New Evidence Suggests Iceberg Is Not the Reason That the Titanic Sank ...

Expert claims a fire on the ship had already undermined its hull!

Although many people know the tragic story of the Titanic, they may be less familiar with more recent theories about its demise.

In 1912, the Titanic was the largest British passenger ship, set to travel from the UK to New York. Launched in April of that year, the ship’s first journey was expected to be a smooth sailing. It docked at a few locations and headed northeast towards Canada. On April 14, however, it struck a 375-mile wide iceberg, off the coast of Canada.

The Titanic was unprepared for such a catastrophe, and panic set in as the ship began to fill with water. Some people managed to climb into lifeboats but with a “women and children first protocol”, a large number of passengers didn’t make it off the ship and perished as it sank.

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Until now, historians have considered that to be the entire story.

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But according to The New York Times, Irish journalist, Senan Molony, who has spent more than 30 years studying the Titanic has made a new claim. Molony contends that it was a fire onboard the ship rather than an iceberg that was the decisive factor on that fateful day.

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He claims that new evidence shows that a fire that started near the ship’s boiler rooms and weakened the hull, had gone unnoticed for weeks!

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When the ship eventually hit the iceberg, says Molony, it did not have the structural integrity to survive the accident.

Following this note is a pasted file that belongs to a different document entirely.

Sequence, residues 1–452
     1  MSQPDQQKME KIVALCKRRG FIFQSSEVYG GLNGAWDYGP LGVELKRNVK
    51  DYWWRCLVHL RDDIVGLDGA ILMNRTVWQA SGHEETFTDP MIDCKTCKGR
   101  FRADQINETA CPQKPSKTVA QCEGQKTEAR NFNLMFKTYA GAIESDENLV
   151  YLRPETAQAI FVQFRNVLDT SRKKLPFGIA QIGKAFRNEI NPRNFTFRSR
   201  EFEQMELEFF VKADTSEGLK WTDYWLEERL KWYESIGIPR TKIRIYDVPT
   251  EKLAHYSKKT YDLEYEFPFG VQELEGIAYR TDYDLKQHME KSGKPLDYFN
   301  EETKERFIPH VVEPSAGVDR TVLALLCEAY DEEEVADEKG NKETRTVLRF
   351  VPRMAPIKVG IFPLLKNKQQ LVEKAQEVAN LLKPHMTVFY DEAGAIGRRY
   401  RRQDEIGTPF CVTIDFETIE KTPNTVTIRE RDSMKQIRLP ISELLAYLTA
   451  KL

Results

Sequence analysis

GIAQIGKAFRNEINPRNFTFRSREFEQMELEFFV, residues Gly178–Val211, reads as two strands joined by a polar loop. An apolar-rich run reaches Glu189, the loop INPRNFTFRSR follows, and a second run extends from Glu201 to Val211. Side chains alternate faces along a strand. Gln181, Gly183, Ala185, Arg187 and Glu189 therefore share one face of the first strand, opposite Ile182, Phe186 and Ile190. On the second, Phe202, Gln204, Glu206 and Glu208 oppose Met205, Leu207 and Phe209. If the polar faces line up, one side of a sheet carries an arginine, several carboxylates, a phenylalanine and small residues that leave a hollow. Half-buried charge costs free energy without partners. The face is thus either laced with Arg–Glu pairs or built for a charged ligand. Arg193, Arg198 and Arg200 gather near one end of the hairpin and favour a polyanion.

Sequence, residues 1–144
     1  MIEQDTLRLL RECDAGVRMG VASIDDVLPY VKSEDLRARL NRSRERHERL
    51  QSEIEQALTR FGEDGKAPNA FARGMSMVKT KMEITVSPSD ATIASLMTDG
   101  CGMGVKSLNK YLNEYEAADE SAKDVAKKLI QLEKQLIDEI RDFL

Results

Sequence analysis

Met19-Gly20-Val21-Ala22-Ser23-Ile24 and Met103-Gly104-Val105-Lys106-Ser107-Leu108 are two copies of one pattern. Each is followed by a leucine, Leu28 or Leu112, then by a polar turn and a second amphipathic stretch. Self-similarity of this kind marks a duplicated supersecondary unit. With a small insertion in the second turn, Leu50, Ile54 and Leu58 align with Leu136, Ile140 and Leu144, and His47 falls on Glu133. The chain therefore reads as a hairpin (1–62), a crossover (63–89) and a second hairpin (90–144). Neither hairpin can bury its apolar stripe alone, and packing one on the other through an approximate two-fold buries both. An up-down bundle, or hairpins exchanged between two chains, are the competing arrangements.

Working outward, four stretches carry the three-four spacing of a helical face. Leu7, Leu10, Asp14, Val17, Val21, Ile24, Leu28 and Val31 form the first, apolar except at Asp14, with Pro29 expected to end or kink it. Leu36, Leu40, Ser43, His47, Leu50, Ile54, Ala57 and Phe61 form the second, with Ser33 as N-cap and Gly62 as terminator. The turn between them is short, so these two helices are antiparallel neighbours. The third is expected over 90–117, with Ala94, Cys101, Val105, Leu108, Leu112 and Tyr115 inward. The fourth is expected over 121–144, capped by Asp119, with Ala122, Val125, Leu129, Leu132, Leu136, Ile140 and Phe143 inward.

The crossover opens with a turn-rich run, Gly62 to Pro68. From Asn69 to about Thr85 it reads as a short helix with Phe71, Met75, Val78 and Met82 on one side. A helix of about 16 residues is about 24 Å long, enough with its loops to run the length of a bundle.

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Molony reckons that there were, in fact, people who knew about the fire at the time but chose to do nothing about it.

“Fire, ice and criminal negligence” come together in a perfect storm when it comes to the Titanic, says Molony in a new documentary titled ‘Titanic: The New Evidence.’

For him, the evidence is clear, the Titanic, “should never have been put to sea”!

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[H/T: The New York Times]

It's a story most of us know well at this point, thanks to the many books and films on the subject; the sinking of the Titanic. We know the ship was traveling at full speed, hitting an iceberg before it went down on April 14th, 1912 and took more than 1500 of its 2,224 passengers with it. However, a new documentary points to a black blotch on the side of the ship's hull, an indication that a coal storage fire may have burned for days before the Titanic went down. Researchers say the fire weakened the steel in the hull of the ship. The new documentary also suggests that the crew may have moved the smoldering coals to the ship's boilers, contributing to the breakneck speed with which it finally met that fatal iceberg. Though the ship went down almost 105 years ago, her body still sits at the bottom of the Atlantic, ready to reveal more secrets.